• Cold Sores

    (Fever Blisters; Herpes Labialis; Herpes Stomatitis; Herpes Simplex)

    Definition

    Cold sores are small, painful, fluid-filled blisters. They are usually found at the border of the lip.
    Herpes Simplex on the Lips
    IMAGE
    Copyright © Nucleus Medical Media, Inc.

    Causes

    Cold sores are usually caused by the herpes simplex 1 virus. Rarely, cold sores are caused by the herpes 2 virus. The herpes 2 virus causes genital herpes. The two viruses are related, but different.
    In most cases, people contract the virus as young children. The first episode of illness with herpes simplex 1 virus can cause a body-wide illness. After that, the virus lies quietly in the skin until it is reactivated. This is when the virus causes cold sores.
    You may get the virus from:
    • Contact with the fluid from a cold sore of another person, or genital herpes sores
    • Contact with the eating utensils, razors, towels, or other personal items of a person with active cold sores
    • Sharing food or drink with a person with active cold sores
    • Contact with the saliva of a person who has the herpes simplex virus

    Risk Factors

    Infection with the herpes virus is very common. Everyone is considered at risk for a herpes infection.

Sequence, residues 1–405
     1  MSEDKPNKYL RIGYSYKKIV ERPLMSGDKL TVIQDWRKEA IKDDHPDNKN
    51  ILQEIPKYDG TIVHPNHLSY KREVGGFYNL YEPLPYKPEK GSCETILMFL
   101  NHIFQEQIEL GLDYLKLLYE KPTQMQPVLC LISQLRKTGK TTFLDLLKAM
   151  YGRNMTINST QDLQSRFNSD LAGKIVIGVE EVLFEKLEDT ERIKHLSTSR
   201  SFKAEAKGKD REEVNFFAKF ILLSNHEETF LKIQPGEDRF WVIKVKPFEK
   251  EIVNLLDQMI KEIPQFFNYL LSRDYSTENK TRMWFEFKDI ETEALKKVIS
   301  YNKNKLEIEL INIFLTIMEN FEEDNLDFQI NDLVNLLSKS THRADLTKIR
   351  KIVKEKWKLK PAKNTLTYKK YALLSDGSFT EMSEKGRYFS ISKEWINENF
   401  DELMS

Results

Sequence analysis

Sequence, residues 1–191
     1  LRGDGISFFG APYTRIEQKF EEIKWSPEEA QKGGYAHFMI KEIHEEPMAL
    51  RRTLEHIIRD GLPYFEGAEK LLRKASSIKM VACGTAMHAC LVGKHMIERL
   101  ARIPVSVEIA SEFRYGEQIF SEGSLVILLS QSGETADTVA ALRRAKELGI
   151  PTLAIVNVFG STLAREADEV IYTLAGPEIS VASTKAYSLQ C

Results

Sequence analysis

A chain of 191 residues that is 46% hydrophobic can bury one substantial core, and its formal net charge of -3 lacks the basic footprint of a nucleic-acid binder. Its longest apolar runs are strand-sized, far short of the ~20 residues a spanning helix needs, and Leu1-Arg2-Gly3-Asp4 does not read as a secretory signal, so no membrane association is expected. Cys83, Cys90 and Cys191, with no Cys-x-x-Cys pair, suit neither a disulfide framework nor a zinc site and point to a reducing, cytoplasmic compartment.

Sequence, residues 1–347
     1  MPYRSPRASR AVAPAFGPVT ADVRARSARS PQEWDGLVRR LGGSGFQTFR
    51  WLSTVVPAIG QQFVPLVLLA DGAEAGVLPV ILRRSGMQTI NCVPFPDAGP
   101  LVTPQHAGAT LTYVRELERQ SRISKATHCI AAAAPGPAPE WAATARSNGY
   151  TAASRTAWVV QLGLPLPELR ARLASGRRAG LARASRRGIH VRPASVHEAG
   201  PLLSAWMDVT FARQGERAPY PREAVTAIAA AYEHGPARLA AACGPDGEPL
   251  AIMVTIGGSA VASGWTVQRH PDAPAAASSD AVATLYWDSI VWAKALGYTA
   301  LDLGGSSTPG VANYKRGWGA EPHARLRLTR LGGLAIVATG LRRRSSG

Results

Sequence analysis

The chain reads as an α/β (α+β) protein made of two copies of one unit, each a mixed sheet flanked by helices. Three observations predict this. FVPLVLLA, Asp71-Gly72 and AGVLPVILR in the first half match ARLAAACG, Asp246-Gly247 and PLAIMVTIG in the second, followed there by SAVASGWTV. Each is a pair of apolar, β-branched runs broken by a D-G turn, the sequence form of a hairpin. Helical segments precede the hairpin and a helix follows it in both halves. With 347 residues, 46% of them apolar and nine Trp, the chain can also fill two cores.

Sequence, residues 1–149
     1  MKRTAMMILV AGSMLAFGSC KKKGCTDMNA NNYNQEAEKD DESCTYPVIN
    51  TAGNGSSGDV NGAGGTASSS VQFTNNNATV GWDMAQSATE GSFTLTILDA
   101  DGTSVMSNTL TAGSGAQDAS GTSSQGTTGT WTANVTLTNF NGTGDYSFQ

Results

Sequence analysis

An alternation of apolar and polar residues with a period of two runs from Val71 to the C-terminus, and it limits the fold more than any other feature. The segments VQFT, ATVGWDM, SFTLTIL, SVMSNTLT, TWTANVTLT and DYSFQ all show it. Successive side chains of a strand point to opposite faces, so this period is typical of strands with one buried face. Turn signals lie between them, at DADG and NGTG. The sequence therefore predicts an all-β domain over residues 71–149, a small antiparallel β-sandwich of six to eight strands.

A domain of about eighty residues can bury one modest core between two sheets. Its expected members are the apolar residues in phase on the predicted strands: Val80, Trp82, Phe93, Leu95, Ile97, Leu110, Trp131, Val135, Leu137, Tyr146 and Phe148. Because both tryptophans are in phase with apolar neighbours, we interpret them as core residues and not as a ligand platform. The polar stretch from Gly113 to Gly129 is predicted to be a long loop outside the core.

If you have a herpes infection, factors that can trigger cold sores include:
    • Infection, fever, cold, or other illness
    • Exposure to sun
    • Physical or emotional stress
    • Certain drugs
    • Weakened immune system
    • Menstruation
    • Physical injury or trauma
    • Dental or other oral surgery
    Cold sores often form without a known trigger.

    Symptoms

    The initial herpes simplex 1 infection can cause flu-like symptoms. The recurring infections will result in cold sores.
    A cold sore occurs most often on the lips, but can occur in the mouth or other areas of the skin. You may have some symptoms the day just before a cold sore appears. You may notice some itching, tingling, burning, or pain in the area the cold sore appears. Cold sore blisters:
    • Are small, painful, fluid-filled, red-rimmed blisters
    • Will dry up with a crust and a shallow sore after a few days

    Diagnosis

    The doctor will ask about your symptoms and medical history and examine the blisters. Usually, the doctor can easily diagnose a cold sore by looking at it. In rare cases, the doctor may need to take a piece of the blister to be analyzed. A blood sample may also be taken for testing.

    Treatment

    Cold sores will usually heal within two weeks even without treatment. However, certain treatments may help decrease symptoms. They may also shorten the time that you have a sore. Treatment options include:
      To reduce pain consider:
      • Nonprescription cold sore/fever blister cremes and ointments
      • Putting ice on blisters to lessen pain
      • Mouthwash with lidocaine—To treat cold sores in the mouth
    • Medications that may shorten the outbreak include:
    • Antiviral creams or ointments—May also help decrease pain
    • Oral antiviral medications—May be given the moment you feel a cold sore coming or can be taken on a regular basis to suppress frequent outbreaks. Examples include:
      • Acyclovir (Zovirax)
      • Valacyclovir (Valtrex)
      • Famciclovir ( Famvir)